Recently she has also learned to like pop, largely thanks to her son Assaf, 30, who during adolescence liked hard rock, whereas in recent years he has written songs for his mother, including the Mediterranean-style pop hit "Az Ma" ("So What").
Tzanani: "Just as I taught others to listen to good Mizrahi music [of North African and Middle Eastern Jews] and nice Mediterranean music, I learned on my own to listen to excellent and well-sung pop. I don't have to be politically correct - that's still not my 'main course.' I don't consider myself arrogant or anything, but from early childhood I've been turning on the radio. I would listen to Ella Fitzgerald and lay on the floor! On the floor! I remember I heard her sing 'Blue Moon'" - Tzanani starts to sing - "Wow, did I tremble."
She also likes Tina Turner and Aretha Franklin, and especially admires the latter for the fact that she is completely grotesque, with her extravagant hats and turbans and huge breasts (which Tzanani describes in pantomime), but is apparently unconcerned with her appearance. Whitney Houston ("She sings from her fingernails") and Beyonce ("She sings from her amazing backside"; "She's so good it's satanic, a she-devil") also excite her.
At the age of 19, after the Israel Defense Forces waived need of her services, Tzanani began her career in the musical "Hair," in which she acted alongside Tzvika Pik ("He was a very great star - huge") and Tzedi Tzarfati ("who crowed with me there on the stage"), both of whom now sit beside her on the judges' panel of "Kokhav Nolad."
For her audition for "Hair," Tzanani waited in a line that was two blocks long, with long-haired Israeli hippies in ragged clothes: "And here I am, a Yemenite girl from Netanya, with a mane of hair covering my back, small, thin, gaunt. I figured I might as well do my best." At the audition she sang the song based on the poem "Rak al Atzmi Lesaper Yadati" ("I Knew Only How to Tell About Myself") by the poet Rachel (Bluwstein), which was performed in its most famous version by Chava Alberstein and Danny Granot in the late 1960s.
After each performance, she would return home to her Orthodox family in Netanya. She is the eldest of seven siblings, the daughter of Lola, a housewife, and Shalom, a diamond industry worker, who had a great influence on her. Her father, a member of the Labor movement, also admired right-wing leader Menachem Begin. Alongside the sacred texts in his home were also volumes by Zionist thinkers Ze'ev Jabotinsky and Berl Katznelson, from two ends of the political spectrum.
Tzanani, who declares that she has been a "social democrat" since birth, notes that even as a child she was driven by a "very urgent" sense of justice.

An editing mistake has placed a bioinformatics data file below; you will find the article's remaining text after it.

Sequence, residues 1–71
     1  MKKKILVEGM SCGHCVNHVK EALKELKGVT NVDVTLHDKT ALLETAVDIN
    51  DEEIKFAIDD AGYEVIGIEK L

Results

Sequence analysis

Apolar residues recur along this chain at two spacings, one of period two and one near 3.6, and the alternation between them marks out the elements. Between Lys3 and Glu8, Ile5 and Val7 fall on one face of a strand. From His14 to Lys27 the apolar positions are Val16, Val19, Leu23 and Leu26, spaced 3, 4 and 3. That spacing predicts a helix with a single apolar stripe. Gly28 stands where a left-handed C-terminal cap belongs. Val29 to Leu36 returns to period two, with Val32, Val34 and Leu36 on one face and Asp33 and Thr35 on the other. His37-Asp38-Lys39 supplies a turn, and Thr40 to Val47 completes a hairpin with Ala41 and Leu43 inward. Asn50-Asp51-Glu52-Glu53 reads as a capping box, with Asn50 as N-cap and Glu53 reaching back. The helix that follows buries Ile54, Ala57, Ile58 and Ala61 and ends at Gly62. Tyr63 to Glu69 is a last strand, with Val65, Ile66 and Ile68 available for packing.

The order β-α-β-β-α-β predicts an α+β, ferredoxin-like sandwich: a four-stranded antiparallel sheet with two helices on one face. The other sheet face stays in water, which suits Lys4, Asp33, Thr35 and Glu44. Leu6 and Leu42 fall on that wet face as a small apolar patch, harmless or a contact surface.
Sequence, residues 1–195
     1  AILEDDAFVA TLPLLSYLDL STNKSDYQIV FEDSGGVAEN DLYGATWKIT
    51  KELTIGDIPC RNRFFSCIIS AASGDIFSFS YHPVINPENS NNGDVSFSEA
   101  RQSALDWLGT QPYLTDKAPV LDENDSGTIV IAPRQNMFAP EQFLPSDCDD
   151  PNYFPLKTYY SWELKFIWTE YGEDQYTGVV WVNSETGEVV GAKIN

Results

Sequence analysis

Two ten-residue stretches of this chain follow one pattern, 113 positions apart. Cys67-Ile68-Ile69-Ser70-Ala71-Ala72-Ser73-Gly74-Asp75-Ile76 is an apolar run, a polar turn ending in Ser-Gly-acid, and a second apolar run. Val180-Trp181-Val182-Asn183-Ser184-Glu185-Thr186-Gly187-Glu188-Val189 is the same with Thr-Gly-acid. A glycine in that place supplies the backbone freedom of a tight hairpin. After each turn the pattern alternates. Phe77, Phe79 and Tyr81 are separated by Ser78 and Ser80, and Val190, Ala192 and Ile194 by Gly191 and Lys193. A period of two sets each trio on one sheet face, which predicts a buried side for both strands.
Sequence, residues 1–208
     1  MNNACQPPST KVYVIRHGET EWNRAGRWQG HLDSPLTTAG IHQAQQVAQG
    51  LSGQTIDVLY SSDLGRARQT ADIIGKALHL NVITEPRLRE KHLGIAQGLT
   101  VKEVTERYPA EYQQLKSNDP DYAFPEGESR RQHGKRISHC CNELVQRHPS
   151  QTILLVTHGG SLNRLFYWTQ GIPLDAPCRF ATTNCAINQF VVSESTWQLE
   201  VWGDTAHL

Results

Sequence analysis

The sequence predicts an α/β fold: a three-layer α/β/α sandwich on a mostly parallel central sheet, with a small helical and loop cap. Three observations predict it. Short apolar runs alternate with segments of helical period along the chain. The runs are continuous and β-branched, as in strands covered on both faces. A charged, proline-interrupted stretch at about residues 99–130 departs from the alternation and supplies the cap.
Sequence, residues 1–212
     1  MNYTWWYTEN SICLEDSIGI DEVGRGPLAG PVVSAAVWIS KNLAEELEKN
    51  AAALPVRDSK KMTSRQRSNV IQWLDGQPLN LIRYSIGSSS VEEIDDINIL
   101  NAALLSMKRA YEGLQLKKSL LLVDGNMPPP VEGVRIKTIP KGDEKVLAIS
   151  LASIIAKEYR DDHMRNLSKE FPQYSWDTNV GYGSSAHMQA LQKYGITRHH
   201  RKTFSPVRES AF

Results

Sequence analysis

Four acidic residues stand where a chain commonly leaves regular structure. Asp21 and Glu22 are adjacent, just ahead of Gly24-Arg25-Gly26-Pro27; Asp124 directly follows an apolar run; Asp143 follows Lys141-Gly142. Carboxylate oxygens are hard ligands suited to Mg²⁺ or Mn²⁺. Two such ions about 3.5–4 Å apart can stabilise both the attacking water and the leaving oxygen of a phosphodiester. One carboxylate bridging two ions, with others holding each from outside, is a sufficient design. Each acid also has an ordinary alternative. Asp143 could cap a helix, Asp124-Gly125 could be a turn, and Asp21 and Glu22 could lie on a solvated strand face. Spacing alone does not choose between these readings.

"I used to conduct field trials. I would interfere, stick my nose in. It hurts me when someone is harassed," she explains. "I was a type of class queen - not because of my beauty, but because of my leadership ability and my star quality. In other words, because I stood out."
She says that all her girlfriends would come to her house. "I'm the center of things. Even in a home with many children. The Ashkenazi girls [of European origin] would come and eat at my table. In my house they learned about [Yemenite foods] like jahnun, hilbe, ftut and - write this down! - malawah, kubaneh and spicy zhug ..."
She in turn fell in love with gefilte fish and clear broth with noodles. When she revealed this to her father, he said quietly: "It's tasty, isn't it? But don't tell Mom." She laughs: "That's how I understood that I was my father's daughter."
Four years later, as the local entertainment industry faced a crisis after the 1973 Yom Kippur War, Tzanani joined a band that played at weddings, and later the Shokolada and Knufia bands with singer Yizhar Cohen. Her most pressing task, she says, was to become financially secure, which is the reason she chose to sing at private events and family celebrations, although it was considered less glamorous than the entertainment industry.
When there was no wedding work either, she worked at a stall in the Jaffa flea market and as a salesgirl at the Mashbir Lazarchan department store. Only after an entire decade of appearances at private affairs did Tzanani record "Na'ari, Shuva Elai" ("My Boy, Come Back to Me"), with words and music by Danny Shushan, which became the title song of her first cassette.
When the recording came out in 1985, Tzanani was already 32 years old, divorced from Mordy Lavie ("My mother's jahnun healed all the pain after the divorce") and was taking care of Assaf, who was 6 at the time.
"I never had a shoulder to lean on," Tzanani said six years ago. "I have a fantasy that my man phones me and says to me: Margol, don't worry, I've got the electricity bills and I'll pay. But I didn't experience even that. It's a combination of fate and my nature, for good and for ill. I'm a frightening woman. Men feel nervous and threatened next to me, and romance flees from such places. Because I'm a rational woman with a sense of humor I survive, otherwise I would be as melancholy as a cucumber in the refrigerator."
And then she appeared on the weekend variety TV show "Siba Lemesiba" ("Reason to Party") with Rivka Michaeli, to whom she is grateful to this day. "Ten minutes on television did for me what 15 years on stage couldn't do," Tzanani once told an interviewer.